In 1875 in the Gilbert Islands, Mgr Janssen, Vicar Apostolic of Tahiti, drew up a small catechism in the local language and translated the New Testament. This translation was lost during a storm at sea, but a few copies of the catechism were saved. A certain merchant in San Francisco had it reprinted in 500 copies and sold them to the inhabitants”. Father Remy, S.M. drew up a grammar and dictionary of the Gilbert language.518

On the island of New Guinea there are autochthonous nuns, Daughters of the Immaculate Conception, “granddaughters of cannibals”. “They do not take strict vows, but only promise poverty, chastity and obedience. This caution is indicated by the instability of character of the inhabitants. Every nun has the rules and an ascetic handbook written in the native language and printed on the nuns’ press”.519 Similarly eloquent examples could be quoted for pages on end.

A Bengali Catholic, Ambrose Sireshchandra, has translated the Ordo Missae into Sanscrit; it will be a basis for a translation into the vernacular. The Imitation of Christ and the Bible have already been translated into the Bengali vernacular. And in Madras they are thinking of founding a university where the lectures would be in Tamil.520 Will not these languages advance further as a result?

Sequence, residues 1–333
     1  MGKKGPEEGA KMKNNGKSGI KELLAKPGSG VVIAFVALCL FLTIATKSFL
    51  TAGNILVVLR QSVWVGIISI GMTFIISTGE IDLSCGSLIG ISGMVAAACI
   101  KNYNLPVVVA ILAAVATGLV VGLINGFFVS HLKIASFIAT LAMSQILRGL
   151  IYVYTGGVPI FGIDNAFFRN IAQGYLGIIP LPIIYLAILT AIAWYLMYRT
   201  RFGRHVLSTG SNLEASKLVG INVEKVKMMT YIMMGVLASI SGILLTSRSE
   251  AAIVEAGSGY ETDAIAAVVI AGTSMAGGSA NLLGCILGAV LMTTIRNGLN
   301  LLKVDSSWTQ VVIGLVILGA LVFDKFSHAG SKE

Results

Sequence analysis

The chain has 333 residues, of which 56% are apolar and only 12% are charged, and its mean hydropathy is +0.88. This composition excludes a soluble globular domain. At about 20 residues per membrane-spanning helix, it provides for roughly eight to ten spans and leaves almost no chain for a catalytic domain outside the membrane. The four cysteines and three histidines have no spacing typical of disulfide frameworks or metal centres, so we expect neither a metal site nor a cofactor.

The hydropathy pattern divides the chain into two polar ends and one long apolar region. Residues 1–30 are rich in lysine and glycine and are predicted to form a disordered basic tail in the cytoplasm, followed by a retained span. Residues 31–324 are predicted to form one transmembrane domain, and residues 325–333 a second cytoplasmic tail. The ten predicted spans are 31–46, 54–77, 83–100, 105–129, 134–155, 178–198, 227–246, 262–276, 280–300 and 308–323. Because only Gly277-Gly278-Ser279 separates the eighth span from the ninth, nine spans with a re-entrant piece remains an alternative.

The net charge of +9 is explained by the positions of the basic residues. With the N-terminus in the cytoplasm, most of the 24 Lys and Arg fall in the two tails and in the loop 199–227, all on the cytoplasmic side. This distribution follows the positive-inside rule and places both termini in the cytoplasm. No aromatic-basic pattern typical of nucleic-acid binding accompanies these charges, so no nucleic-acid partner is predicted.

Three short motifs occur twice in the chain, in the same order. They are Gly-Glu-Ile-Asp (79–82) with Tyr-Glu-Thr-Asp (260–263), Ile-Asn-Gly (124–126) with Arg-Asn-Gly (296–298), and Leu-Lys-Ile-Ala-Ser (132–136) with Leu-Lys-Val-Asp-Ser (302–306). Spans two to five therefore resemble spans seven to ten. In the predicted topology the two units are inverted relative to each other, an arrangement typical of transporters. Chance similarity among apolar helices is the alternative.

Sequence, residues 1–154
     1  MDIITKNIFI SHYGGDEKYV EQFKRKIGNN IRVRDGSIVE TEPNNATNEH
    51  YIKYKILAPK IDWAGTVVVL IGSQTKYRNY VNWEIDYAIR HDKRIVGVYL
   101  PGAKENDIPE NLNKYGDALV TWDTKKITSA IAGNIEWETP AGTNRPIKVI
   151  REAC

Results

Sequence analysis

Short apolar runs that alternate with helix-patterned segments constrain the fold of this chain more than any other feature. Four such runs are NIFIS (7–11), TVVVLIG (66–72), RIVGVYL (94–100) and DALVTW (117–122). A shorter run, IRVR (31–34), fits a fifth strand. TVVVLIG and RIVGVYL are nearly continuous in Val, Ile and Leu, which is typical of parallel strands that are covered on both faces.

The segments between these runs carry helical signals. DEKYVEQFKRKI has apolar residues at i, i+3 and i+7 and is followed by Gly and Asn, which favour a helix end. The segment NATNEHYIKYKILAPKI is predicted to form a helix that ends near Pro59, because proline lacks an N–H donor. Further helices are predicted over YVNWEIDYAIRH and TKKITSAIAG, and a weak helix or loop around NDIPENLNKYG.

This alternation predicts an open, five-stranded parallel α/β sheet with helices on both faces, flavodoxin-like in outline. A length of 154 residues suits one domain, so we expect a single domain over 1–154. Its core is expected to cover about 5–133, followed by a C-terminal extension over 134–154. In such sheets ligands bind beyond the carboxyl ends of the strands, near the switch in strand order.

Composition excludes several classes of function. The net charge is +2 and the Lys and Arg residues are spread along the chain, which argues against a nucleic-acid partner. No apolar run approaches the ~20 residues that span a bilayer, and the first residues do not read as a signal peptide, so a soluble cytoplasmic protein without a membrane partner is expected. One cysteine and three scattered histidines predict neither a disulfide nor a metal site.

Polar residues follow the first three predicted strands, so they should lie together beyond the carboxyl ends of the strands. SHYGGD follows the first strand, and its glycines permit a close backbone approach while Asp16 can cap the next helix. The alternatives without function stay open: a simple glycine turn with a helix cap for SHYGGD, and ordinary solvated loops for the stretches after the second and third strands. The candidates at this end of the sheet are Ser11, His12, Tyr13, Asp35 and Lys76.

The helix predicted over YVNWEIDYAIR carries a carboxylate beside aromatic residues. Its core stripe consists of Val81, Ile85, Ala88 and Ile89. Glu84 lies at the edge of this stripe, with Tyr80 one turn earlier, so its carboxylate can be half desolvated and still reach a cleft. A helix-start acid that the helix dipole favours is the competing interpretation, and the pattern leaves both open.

Of course it cannot always be known whether missionaries were the first to raise the status of a given language, or whether they adopted one already recognised and comparatively widespread. There are certainly cases of both, depending on circumstances which sometimes may possibly even be of secondary importance but are never philological. It will not, however, be denied that missionary intervention has been epoch-making in the history of such languages, which have been provided with vocabulary, grammar, alphabet, written works and even printing presses. Let us suppose that this good fortune comes to a language which is not widespread but rather confined to one area, will not this language in a relatively short time overtake a more widespread speech that has not been given literate shape by the missionaries?